Exceedance of critical loads and of critical limits impacts tree nutrition across Europe
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Exceedance of critical limits in soil solution samples was more frequent in intensively monitored forest plots across Europe with critical loads for acidity and eutrophication exceeded compared to other plots from the same network. Elevated inorganic nitrogen concentrations in soil solution tended to be related to less favourable nutritional status.
Forests have been exposed to elevated atmospheric deposition of acidifying and eutrophying sulphur and nitrogen compounds for decades. Critical loads have been identified, below which damage due to acidification and eutrophication are not expected to occur.
We explored the relationship between the exceedance of critical loads and inorganic nitrogen concentration, the base cation to aluminium ratio in soil solutions, as well as the nutritional status of trees.
We used recent data describing deposition, elemental concentrations in soil solution and foliage, as well as the level of damage to foliage recorded at forest plots of the ICP Forests intensive monitoring network across Europe.
Critical loads for inorganic nitrogen deposition were exceeded on about a third to half of the forest plots. Elevated inorganic nitrogen concentrations in soil solution occurred more frequently among these plots. Indications of nutrient imbalances, such as low magnesium concentration in foliage or discolouration of needles and leaves, were seldom but appeared more frequently on plots where the critical limits for soil solution were exceeded.
The findings support the hypothesis that elevated nitrogen and sulphur deposition can lead to imbalances in tree nutrition.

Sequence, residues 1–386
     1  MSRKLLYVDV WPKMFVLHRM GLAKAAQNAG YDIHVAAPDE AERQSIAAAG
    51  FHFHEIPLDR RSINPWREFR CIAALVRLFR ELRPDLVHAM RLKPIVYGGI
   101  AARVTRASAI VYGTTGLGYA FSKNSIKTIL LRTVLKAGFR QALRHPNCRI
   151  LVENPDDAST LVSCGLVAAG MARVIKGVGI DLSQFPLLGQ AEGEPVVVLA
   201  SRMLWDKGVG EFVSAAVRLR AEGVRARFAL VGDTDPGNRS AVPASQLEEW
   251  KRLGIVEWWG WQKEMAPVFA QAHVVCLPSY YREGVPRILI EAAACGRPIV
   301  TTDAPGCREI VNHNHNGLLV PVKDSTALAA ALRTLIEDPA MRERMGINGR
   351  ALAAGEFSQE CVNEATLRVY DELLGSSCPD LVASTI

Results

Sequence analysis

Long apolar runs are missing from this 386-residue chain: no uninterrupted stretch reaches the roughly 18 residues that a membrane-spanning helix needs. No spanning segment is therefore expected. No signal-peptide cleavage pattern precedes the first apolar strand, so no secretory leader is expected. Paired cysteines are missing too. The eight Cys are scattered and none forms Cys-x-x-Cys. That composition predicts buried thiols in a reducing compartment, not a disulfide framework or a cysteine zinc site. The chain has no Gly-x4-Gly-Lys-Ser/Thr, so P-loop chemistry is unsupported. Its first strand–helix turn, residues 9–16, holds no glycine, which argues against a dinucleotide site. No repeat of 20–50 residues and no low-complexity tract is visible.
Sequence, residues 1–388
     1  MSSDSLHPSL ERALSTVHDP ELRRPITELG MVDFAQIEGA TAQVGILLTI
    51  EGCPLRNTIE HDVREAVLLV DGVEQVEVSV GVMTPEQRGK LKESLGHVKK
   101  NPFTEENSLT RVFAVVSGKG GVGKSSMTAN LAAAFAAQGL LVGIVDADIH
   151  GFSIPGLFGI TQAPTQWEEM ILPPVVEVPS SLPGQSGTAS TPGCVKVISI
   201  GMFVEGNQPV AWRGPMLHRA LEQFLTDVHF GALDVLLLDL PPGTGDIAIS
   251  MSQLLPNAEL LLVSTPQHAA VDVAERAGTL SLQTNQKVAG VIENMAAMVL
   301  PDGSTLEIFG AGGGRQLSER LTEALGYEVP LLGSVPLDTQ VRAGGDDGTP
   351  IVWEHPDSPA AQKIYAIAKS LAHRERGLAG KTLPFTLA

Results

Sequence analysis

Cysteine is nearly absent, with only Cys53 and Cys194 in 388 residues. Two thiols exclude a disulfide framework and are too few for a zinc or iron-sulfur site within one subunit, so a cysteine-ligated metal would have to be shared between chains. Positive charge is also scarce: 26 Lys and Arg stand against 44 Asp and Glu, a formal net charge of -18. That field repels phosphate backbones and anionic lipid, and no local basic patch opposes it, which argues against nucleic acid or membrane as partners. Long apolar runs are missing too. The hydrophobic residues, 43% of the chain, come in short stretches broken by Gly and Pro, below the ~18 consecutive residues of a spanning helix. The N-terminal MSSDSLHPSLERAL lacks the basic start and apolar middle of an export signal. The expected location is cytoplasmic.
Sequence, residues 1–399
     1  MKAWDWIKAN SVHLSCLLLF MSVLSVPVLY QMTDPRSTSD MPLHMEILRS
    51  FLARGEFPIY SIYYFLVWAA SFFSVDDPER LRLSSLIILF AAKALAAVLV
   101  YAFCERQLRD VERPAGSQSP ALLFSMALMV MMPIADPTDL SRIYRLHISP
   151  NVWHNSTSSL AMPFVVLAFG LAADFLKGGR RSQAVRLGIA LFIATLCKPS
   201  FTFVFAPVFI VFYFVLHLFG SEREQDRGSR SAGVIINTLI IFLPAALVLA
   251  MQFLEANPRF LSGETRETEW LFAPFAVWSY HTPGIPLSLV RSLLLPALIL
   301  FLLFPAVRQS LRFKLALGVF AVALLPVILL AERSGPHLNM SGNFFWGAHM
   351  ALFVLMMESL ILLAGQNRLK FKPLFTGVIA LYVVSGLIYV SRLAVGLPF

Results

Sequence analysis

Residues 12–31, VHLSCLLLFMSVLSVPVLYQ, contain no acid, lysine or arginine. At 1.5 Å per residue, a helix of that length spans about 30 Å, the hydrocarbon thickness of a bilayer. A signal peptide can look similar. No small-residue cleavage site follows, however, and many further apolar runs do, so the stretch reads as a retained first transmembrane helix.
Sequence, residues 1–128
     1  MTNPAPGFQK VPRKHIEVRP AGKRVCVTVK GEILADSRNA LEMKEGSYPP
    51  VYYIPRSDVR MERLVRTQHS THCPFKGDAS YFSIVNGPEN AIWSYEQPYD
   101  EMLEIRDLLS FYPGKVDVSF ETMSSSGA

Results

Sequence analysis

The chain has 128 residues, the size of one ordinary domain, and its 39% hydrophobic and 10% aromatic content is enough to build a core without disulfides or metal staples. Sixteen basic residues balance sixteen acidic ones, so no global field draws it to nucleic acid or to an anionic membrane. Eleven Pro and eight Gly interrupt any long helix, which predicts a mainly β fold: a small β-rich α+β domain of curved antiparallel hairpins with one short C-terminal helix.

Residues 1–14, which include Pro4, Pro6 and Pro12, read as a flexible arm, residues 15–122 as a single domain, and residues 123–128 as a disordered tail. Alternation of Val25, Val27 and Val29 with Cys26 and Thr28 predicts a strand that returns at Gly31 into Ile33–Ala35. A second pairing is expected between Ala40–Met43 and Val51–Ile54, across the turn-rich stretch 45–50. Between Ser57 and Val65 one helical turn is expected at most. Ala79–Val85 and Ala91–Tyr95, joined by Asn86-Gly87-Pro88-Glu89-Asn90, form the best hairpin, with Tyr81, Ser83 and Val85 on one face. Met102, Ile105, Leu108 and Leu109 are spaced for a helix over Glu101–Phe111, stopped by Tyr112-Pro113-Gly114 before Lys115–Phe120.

KeywordsInorganic nitrogen concentration in soil solution Base cation to aluminium ratio Tree nutrition Foliage ICP Forests
We gratefully acknowledge the Programme Coordinating Centre of ICP Forests and all observers, technicians and scientists who performed sampling in the fields, analyses and data handling. The evaluation was mainly based on data that are part of the UNECE ICP Forests PCC Collaborative Database (see http://icp-forests.net). In particular, data from France (14 plots), Belgium (7 plots), the Netherlands (3 plots), Germany (77 plots), Italy (10 plots), the United Kingdom (8 plots), Ireland (2 plots), Denmark (6 plots), Greece (3 plots), Spain (3 plots), Austria (2 plots), Finland (17 plots), Switzerland (7 plots), Hungary (1 plot), Romania (4 plots), Poland (1 plot), the Slovak Republic (5 plots), Norway (8 plots), Lithuania (2 plots), the Czech Republic (11 plots), Estonia (5 plots), Slovenia (2 plots), Latvia (1 plot), Cyprus (2 plots) and Sweden (43 plots) were part of the analyses. In addition, throughfall data from the SWETHRO network were used for the 43 plots in Sweden. For soil, we used and acknowledge the aggregated forest soil condition database (AFSCDB.LII.2.1) compiled by the ICP Forests Forest Soil Coordinating Centre. The long-term collection of forest monitoring data was to a large extent funded by national research institutions and ministries, with support from governmental bodies, services and land owners. It was partially funded by the European Union under the Regulation (EC) No. 2152/2003 concerning monitoring of forests and environmental interactions in the Community (Forest Focus) and the project LIFE 07 ENV/D/000218 “Further Development and Implementation of an EU-level Forest Monitoring System (FutMon)”. We gratefully acknowledge the contribution of Matthias Dobbertin who passed away within the duration of this study.
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